Among the many steps required for absolutely flawless bodywork, the split-window body shell was tightened down snug to the Art Morrison Enterprises (AME) chassis ensuring all the gaps lined up afterwards and then block-sanded exhaustedly until it was laser straight. Moving forward it was PPG products exclusively, from the Alloway Jet Black basecoat to the PPG clearcoat. In addition to Alloway’s longtime painter Scotty Troutman shooting the body from top to bottom in PPG Alloway Jet Black, the stinger hood was shot in PPG Le Mans Blue, paying homage to the four Tuxedo Black 1967 Sting Rays factory optioned with a bright blue stinger.
The split-window’s tribute to the black ’n’ blue ’67 Sting Rays continues with an interior remarkably like a code 415 bright blue leather interior, only with more glitz and glam. It’s undetectable to most, but Alloway’s fiberglass specialist Toby Caldwell enlarged the transmission tunnel to accept a TREMEC five-speed from American Powertrain, and raised the floorpan for increased undercarriage clearance. Topside, Pro Auto Custom Interiors’ Steve Holcomb laid down Dynamat and then blue Daytona square weave carpeting. For upholstering the bucket seats, padded dashboard and door panels, Steve stitched and French seamed pearlescent blue Garret leather. The chrome door and kick panel trims were custom-fabricated from extruded aluminum by Clayton Machine. An N32 Teakwood steering wheel sits atop an ididit steering column with a RetroSound stereo for in-car entertainment. Instrumentation comes from stock ’63 Corvette gauges accurately refurbished by Classic Instruments. Vintage Air air-conditioning staves off the humid Tennessee heat.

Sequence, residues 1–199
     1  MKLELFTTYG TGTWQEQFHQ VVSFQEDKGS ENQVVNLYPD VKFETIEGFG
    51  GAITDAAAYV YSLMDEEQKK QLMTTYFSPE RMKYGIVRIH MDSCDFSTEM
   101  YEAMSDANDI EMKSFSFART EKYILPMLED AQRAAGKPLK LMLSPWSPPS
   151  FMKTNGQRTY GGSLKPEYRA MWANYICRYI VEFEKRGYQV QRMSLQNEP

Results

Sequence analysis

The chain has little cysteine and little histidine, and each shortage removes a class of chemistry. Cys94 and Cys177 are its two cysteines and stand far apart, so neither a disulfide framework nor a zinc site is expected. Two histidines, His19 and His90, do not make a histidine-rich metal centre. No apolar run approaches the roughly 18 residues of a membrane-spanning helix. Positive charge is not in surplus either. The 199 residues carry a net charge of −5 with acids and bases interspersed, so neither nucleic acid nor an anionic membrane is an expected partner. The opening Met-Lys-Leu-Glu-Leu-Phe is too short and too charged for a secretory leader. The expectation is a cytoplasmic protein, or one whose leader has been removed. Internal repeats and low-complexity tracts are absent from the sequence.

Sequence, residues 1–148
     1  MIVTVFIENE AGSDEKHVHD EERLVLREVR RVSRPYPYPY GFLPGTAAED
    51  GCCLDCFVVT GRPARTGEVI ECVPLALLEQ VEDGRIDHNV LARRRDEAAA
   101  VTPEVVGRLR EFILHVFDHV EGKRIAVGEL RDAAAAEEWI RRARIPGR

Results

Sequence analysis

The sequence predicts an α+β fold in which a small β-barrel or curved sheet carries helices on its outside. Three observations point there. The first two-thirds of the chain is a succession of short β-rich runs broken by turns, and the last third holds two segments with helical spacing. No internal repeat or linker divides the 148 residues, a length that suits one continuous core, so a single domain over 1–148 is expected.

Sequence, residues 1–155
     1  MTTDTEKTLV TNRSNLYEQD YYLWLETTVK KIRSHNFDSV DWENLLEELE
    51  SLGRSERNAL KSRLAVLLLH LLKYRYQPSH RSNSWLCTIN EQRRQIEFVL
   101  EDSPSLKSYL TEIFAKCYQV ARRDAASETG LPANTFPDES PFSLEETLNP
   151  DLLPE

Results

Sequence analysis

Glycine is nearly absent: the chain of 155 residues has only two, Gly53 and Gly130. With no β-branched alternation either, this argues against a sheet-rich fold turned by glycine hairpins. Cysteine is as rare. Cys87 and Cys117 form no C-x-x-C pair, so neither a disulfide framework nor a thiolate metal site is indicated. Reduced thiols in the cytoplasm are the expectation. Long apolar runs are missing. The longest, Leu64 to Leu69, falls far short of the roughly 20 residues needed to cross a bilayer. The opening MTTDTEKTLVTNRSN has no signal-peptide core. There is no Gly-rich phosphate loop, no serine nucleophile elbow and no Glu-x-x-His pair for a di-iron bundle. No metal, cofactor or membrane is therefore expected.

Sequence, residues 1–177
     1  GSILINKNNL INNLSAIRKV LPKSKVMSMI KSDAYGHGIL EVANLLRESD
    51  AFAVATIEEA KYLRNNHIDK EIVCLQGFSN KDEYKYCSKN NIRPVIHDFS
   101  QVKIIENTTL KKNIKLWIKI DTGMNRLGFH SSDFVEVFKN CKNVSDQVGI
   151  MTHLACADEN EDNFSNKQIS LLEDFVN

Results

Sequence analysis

Uncompromising attention to detail extends to the rolling chassis and powertrain. The basis for every car Alloway’s Hot Rod Shop constructs, no matter which emblem is on the hood, is an AME chassis. That’s where Alloway’s signature nose-slammed stance with big meats in front and super-big meats in the rear begins. In front, bespoke 17x7 Billet Specialties Alloway five-spoke mags are mounted in 215/45/17 Toyo Proxes tires, and in the rear, 20x10 Billet Specialties Alloway five-spoke mags hold 295/45/20 Toyo Proxes tires inside extra-wide tubs.